Let’s imagine that one day in December 1609, playwright William Shakespeare wakes up and sees a time machine next to his bed. Curious about the future and always eager for more education, he sets the dials to “400 years ahead” and “Cambridge.”
There’s a flash of light, a puff of smoke, and — oops, wrong Cambridge. Shakespeare emerges on the afternoon of Dec. 5, 2009, near Harvard Square, and walks into the first theater he sees. On the bill at the Loeb Main Stage is a matinee presentation of “Best of Both Worlds,” a rhythm-and-blues and gospel send-up of his “The Winter’s Tale.” He watches the show and, zounds, he likes it.
Had the Bard of Avon arrived a few hours earlier, he could have heard a discussion called “Shakespeare Exploded,” part of a semester-long festival of plays, readings, panels, and outdoor performances by the American Repertory Theater (A.R.T.). The concept, conceived by the A.R.T.’s new artistic director, Diane Paulus ’88, is to show how Shakespeare’s work can be performed in modern times.
What would Shakespeare think of the myriad ways that his work is staged now?
He would be fine with that, suggested Paulus. For one thing, Shakespeare, whom she called a “theater animal,” embraced in his own time what is still a key mission of the theater: to bring in audiences.
Paulus likes the idea of reclaiming theater’s place as it was in Shakespeare’s time, “when it was more central and vital,” she said during the panel discussion. Theater then was a civic congregation that mixed the classes, celebrated language, and ritualized social life.
“We’re in show business. Shakespeare was in show business,” summed up panelist Oskar Eustis, who sees a similar audience-driven connection as bridging the ages. Eustis is artistic director of New York’s Public Theater, which among other programs brings Shakespeare plays to New York City’s parks in summer.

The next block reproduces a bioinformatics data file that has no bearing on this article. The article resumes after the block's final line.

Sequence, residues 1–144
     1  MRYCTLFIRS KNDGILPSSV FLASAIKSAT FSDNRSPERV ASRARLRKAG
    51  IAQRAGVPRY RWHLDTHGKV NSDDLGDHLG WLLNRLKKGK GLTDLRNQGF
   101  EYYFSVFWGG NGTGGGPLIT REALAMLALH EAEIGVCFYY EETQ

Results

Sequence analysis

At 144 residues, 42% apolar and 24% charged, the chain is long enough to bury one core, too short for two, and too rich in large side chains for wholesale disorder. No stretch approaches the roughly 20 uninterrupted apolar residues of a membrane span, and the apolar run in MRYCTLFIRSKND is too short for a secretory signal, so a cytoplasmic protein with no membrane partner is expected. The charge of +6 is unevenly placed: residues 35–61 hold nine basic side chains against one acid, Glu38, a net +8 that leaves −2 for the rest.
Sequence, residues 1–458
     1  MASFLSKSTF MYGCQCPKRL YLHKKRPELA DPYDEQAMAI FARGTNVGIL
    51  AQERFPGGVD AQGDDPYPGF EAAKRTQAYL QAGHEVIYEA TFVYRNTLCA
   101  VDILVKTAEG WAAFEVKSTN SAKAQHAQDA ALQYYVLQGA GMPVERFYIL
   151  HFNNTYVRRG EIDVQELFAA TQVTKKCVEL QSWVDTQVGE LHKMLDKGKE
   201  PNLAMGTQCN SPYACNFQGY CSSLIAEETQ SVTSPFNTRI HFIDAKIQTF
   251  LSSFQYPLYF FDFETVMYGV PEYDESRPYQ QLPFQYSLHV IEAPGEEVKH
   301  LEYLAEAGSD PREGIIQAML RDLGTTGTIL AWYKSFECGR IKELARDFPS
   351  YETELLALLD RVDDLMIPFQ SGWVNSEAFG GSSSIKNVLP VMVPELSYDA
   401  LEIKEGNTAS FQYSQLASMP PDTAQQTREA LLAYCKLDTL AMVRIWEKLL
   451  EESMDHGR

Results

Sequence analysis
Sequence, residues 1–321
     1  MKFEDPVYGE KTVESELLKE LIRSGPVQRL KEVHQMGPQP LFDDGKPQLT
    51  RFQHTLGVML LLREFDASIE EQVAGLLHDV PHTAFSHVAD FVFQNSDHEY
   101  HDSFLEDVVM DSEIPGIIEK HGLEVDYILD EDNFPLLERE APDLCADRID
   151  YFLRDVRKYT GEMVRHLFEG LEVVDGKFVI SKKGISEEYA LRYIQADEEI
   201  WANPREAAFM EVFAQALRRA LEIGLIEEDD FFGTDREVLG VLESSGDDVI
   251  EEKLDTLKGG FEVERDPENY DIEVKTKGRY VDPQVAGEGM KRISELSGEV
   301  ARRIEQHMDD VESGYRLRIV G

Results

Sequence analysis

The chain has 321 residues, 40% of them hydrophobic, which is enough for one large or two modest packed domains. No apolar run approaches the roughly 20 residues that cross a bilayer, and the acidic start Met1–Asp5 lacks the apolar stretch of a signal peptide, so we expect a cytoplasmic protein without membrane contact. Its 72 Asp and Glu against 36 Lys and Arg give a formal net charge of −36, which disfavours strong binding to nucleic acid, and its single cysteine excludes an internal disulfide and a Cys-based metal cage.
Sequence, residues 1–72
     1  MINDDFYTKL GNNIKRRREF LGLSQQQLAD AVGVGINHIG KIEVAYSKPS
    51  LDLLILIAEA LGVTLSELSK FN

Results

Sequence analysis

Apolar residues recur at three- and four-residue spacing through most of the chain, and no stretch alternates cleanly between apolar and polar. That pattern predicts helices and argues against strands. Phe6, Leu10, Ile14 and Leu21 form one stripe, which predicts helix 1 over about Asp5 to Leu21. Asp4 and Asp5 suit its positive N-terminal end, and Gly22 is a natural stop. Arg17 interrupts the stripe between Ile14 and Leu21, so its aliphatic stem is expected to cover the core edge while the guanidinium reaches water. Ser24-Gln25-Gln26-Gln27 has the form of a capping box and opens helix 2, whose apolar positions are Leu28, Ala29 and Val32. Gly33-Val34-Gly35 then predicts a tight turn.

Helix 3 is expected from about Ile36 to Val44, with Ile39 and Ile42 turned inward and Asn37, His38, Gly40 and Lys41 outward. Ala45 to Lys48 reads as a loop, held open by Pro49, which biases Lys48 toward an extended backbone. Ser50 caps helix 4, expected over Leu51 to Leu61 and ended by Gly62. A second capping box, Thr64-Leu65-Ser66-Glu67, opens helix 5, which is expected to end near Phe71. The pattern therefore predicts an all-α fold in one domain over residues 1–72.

The bard’s plays contained characters for everyone: Bottom for the groundlings, Macbeth for the university-educated, and Lear for the royals. Diverse audiences helped to transform the playwright, said Eustis, and “forced Shakespeare’s talent to expand and fully flower.”
At the heart of “Shakespeare Exploded” are three main renderings of his plays made modern, all on stage through early January.
“The Donkey Show,” directed by Paulus, is a reimagining of “A Midsummer Night’s Dream” in a 1970s disco. Groundlings — most of the audience stays standing — are invited to dance as the show weaves around them. There are love potions, glittering and half-naked wood fairies, chaotic romance, and a looming Puck (on skates).
Then and now, said Paulus, whether in an enchanted wood or a magical nightclub, the experience “creates space for freedom of expression.”
“Sleep No More” is “Macbeth” made modern as a kind of Alfred Hitchcock thriller. It is a multi-sensory theater experience set in an abandoned school in Brookline, Mass., and was performed first by the London-based Punchdrunk company in its North American debut. Guests in masks wander through 44 rooms, including one full of pine trees and another lined with hospital beds. Watch out for the witches in the basement. They are toil and trouble.